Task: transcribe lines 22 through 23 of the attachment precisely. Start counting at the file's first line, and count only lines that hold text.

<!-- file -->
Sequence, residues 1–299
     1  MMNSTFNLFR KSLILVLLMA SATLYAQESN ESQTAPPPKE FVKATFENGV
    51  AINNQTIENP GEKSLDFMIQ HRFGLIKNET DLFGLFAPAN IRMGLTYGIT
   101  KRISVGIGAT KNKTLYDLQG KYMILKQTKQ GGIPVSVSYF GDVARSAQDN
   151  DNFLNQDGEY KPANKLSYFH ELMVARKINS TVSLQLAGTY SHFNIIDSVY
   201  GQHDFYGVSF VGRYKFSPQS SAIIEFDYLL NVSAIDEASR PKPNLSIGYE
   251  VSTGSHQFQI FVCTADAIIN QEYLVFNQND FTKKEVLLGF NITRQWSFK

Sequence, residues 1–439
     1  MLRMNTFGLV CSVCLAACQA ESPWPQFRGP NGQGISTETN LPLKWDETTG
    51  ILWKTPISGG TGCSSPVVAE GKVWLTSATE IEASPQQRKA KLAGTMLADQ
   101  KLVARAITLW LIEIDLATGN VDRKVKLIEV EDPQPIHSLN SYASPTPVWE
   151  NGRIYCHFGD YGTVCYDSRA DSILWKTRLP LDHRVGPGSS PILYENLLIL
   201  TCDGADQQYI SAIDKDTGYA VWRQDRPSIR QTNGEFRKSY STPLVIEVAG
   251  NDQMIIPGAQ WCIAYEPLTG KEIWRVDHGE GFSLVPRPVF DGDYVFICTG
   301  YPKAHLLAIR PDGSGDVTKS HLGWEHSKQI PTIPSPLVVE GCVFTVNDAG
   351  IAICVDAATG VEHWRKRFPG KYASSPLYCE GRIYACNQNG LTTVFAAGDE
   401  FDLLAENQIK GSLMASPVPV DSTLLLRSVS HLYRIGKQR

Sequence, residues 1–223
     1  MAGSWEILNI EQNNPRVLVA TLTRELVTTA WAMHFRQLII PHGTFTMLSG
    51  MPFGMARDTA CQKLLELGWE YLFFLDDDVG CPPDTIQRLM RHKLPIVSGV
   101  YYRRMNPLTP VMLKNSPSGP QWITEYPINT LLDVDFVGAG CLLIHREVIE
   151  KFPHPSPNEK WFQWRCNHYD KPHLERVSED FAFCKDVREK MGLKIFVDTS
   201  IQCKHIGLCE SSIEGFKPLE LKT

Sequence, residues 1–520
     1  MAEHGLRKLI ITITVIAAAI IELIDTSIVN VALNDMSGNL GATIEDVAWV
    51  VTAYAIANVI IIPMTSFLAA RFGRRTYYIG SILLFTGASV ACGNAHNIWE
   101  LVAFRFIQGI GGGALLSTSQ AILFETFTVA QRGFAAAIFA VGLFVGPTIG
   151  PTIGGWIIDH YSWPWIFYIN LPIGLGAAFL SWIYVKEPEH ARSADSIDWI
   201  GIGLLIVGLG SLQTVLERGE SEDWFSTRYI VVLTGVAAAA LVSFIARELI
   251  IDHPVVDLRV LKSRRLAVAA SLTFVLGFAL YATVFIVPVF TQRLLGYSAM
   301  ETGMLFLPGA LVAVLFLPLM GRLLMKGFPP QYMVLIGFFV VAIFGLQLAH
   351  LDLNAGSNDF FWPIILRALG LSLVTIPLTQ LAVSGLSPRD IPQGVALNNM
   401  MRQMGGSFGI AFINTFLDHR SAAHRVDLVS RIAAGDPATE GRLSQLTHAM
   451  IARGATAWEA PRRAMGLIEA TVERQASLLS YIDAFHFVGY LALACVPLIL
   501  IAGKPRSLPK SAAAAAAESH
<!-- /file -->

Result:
   151  KFPHPSPNEK WFQWRCNHYD KPHLERVSED FAFCKDVREK MGLKIFVDTS
   201  IQCKHIGLCE SSIEGFKPLE LKT